Managing Invasive Species Around the World – Successes, Failures, and Hope for the Future


Since the European colonization of Australia, invasive species have been spread throughout the country and have caused extensive damage to native wildlife, agriculture, and even human health. Conservationists have tried a myriad of ways to address these problems, from building fences to protect ecosystems to introducing diseases intended to control invasive species populations. Sometimes these solutions work, and other times they fail. One thing is certain: invasive species are damaging to native ecosystems.

Conservationists around the world are constantly looking to the horizon to see what new ideas and technologies will emerge to help prevent extinctions of native wildlife. Andy Sheppard, Research Director at Commonwealth Scientific and Industrial Research Organisation, is looking to the future to see if new technologies will bring about the advances we need to curb the extinction crisis.

New Zealand Predator Free 2050 initiative seeks to protect native and endemic wildlife by removing four of the nation’s most damaging invasive predators. This lofty goal will require advances in technology, but its success will pave the way for regions around the world where invasive predators threaten island species. Australia has applied a variety of techniques over the past decades to curb the effects of invasive species. Protecting islands has been key to their strategy, as have predator-free enclosures, but invasive species remain a serious threat to the nation’s biological diversity.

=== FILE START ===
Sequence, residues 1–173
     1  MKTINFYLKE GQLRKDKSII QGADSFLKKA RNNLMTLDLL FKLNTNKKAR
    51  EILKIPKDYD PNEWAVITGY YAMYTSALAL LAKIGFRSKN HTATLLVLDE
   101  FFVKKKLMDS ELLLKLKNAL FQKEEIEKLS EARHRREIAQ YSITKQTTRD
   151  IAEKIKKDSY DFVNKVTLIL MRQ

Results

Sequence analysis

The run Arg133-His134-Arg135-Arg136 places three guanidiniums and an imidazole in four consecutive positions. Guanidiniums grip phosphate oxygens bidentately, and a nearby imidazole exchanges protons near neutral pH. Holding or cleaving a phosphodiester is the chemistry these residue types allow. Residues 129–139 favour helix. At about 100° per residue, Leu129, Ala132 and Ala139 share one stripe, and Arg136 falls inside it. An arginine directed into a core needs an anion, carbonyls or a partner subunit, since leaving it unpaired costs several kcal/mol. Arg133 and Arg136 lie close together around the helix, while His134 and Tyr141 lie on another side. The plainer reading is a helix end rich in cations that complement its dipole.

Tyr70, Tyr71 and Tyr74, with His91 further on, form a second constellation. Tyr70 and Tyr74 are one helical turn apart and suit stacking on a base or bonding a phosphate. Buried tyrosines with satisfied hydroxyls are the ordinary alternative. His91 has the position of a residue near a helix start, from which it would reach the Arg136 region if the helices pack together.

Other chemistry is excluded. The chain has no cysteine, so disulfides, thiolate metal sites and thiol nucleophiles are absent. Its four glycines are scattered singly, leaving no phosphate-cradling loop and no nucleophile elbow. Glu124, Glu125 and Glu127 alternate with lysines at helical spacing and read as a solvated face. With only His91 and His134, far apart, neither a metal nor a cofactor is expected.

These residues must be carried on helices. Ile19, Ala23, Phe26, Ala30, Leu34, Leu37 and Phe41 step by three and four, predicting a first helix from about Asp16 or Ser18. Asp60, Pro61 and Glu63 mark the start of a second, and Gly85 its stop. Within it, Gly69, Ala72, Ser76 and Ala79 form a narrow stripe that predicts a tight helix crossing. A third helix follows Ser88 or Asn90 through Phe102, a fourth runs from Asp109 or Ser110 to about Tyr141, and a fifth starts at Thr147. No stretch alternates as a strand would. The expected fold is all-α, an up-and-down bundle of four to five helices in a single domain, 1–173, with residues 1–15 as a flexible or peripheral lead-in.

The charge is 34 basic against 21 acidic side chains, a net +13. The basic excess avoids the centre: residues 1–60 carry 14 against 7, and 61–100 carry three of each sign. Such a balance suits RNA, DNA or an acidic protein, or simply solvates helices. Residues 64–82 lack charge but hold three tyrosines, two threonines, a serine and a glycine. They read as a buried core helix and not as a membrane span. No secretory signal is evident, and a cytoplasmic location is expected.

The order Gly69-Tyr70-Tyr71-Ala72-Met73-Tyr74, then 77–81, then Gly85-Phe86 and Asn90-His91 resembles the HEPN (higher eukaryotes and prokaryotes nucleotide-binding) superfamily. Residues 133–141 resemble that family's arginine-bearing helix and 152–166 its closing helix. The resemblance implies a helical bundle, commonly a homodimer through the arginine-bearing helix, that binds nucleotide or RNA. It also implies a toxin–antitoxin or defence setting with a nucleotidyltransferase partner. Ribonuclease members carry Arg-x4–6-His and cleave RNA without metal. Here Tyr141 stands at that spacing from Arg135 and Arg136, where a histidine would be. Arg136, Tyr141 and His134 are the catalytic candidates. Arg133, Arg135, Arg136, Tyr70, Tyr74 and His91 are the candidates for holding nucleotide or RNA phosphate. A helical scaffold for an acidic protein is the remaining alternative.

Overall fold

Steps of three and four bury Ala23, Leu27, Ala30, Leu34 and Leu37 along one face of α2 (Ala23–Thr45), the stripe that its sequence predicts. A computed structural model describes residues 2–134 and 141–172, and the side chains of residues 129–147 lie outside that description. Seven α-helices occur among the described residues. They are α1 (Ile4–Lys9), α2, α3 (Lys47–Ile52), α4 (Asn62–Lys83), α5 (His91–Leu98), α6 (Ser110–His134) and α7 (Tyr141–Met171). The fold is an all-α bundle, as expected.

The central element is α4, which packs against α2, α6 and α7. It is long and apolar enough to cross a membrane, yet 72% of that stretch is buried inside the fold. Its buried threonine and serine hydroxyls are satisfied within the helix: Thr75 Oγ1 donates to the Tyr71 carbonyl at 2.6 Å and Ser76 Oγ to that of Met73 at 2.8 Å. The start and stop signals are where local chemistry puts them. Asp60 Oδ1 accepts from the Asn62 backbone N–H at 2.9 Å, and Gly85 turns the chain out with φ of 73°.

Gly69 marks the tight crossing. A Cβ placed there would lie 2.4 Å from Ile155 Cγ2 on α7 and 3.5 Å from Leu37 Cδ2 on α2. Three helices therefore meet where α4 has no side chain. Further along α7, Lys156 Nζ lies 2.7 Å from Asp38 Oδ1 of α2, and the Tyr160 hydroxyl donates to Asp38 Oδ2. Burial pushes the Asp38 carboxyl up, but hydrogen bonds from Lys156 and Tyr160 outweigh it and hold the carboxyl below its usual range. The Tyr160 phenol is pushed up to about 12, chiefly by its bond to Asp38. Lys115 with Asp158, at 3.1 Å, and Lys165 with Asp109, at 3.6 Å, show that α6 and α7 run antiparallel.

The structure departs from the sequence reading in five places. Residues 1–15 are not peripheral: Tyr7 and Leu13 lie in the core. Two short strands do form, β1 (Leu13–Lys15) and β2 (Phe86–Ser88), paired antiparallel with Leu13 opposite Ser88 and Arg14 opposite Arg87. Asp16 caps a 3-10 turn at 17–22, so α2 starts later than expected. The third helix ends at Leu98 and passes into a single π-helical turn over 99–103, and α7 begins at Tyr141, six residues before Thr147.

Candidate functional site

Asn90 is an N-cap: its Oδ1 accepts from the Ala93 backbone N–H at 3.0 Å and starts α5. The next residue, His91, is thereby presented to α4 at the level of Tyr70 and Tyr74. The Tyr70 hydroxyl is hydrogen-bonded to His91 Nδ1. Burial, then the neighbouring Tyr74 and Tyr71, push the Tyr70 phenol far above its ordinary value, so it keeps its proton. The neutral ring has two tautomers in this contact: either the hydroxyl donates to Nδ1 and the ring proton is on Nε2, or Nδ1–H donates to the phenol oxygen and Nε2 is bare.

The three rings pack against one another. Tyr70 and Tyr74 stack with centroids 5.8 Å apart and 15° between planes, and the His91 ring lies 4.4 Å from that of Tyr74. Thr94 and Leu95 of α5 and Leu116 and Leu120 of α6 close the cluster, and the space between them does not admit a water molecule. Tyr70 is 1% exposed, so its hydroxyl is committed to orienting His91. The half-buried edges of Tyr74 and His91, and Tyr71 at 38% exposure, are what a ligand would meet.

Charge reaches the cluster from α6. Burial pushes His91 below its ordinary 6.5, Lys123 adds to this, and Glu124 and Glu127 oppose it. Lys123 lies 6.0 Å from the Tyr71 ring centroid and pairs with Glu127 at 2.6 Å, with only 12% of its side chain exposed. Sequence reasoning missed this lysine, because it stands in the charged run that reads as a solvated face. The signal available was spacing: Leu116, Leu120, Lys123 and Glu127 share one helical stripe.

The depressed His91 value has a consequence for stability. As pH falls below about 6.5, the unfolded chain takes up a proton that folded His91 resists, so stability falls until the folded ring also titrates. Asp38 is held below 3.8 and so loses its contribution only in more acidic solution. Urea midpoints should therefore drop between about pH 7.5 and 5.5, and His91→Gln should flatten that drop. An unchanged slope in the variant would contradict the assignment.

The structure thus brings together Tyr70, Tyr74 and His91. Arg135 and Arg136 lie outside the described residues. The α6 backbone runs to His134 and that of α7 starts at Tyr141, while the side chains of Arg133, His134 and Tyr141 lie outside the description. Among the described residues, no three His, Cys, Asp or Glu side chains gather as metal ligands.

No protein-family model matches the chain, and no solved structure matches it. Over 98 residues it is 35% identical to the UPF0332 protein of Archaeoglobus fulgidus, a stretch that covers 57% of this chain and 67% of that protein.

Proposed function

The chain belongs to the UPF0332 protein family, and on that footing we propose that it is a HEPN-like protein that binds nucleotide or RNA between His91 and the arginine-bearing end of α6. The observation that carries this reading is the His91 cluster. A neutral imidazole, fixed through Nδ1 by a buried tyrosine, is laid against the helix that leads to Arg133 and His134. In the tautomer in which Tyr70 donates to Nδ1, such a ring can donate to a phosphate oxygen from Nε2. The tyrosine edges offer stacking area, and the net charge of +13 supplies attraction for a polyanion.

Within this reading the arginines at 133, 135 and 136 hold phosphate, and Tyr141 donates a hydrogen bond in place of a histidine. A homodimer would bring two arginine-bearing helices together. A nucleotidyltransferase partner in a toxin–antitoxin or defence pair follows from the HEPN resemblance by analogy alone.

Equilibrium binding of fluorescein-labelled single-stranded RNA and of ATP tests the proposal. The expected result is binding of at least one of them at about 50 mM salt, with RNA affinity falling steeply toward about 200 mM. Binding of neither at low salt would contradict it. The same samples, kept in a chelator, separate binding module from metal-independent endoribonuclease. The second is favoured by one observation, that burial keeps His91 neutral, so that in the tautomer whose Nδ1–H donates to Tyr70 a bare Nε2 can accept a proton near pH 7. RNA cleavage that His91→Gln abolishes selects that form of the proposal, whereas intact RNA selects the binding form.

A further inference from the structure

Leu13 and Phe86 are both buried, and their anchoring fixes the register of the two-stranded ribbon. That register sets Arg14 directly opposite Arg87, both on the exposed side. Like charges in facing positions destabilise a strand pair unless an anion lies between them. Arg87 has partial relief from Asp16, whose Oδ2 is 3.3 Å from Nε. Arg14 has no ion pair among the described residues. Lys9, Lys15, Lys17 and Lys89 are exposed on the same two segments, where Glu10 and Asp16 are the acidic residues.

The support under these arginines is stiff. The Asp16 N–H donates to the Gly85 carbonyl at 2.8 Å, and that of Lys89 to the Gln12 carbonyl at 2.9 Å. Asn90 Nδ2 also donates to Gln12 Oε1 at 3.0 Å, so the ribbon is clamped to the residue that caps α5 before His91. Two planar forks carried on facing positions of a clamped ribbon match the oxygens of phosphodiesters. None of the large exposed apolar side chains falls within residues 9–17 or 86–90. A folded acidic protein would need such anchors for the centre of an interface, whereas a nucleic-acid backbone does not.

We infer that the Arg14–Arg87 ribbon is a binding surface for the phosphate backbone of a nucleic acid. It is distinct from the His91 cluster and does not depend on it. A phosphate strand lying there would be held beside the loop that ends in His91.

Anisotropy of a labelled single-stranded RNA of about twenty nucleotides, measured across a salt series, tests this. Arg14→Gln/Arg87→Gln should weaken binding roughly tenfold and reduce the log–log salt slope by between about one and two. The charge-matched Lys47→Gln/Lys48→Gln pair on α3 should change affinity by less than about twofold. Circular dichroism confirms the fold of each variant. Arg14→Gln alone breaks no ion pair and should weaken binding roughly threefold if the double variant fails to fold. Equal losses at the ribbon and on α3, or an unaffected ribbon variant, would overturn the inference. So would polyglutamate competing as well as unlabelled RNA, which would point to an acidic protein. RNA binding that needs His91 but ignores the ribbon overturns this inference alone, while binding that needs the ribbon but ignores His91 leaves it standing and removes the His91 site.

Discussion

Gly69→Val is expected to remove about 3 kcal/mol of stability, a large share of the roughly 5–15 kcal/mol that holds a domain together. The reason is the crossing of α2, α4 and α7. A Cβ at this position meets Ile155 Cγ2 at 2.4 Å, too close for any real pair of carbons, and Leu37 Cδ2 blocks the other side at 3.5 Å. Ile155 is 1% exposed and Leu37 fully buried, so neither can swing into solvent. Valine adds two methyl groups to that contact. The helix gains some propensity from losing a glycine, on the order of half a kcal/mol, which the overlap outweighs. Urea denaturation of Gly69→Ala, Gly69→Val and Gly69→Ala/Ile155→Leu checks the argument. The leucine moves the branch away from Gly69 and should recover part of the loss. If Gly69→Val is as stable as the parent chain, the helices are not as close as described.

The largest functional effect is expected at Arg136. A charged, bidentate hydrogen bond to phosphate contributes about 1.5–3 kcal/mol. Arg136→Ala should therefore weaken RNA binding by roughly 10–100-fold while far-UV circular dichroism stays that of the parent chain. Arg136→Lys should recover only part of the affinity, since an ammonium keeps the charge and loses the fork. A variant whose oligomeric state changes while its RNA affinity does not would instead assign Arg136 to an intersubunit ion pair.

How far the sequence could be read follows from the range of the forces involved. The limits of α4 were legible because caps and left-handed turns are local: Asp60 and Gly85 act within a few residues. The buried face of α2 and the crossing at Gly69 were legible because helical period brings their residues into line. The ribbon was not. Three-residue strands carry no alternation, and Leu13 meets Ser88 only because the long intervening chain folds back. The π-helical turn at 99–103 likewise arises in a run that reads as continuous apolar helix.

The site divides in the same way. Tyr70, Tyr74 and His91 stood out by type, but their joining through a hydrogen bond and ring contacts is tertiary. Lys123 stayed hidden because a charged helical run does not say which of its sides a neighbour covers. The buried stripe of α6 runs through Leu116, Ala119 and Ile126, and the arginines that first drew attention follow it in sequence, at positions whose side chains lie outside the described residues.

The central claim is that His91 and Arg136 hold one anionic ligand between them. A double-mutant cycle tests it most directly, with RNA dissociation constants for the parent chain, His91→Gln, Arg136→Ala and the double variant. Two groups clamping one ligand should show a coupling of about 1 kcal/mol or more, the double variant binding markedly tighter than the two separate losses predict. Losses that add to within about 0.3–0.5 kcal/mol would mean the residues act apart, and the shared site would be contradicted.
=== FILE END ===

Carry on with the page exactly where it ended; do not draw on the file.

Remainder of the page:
Andy Sheppard highlights the potential for the use of gene drive technology to play a role in the removal of invasive species in New Zealand and on islands around the world. Gene drives have the potential to save island species from invasive predators such as rats. Researchers are exploring a technique of editing rodent genes in order to produce either all-male or all-female offspring, which, once released onto an island, would effectively self-eliminate the rodent population. Island Conservation, CSIRO, and partners have developed the Genetic Biocontrol of Invasive Rodents (GBIRd) program and are working to investigate the potential applications for gene drives in the prevention of extinctions of island species.

Featured photo: Sooty Tern on Palymra Atoll. Credit: Island Conservation
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